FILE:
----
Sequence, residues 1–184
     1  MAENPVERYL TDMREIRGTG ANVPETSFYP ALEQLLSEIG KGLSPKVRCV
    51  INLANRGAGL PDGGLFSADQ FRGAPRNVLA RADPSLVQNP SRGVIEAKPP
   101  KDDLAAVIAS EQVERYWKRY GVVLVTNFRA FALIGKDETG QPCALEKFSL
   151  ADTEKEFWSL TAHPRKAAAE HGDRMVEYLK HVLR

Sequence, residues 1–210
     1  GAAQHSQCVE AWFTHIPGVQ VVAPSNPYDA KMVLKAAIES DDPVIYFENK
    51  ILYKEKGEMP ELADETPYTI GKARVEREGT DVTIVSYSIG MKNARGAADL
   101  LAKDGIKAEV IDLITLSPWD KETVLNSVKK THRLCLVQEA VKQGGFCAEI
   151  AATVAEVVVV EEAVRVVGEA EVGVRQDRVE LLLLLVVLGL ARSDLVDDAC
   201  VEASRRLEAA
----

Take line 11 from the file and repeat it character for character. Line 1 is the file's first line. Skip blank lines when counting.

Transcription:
   201  VEASRRLEAA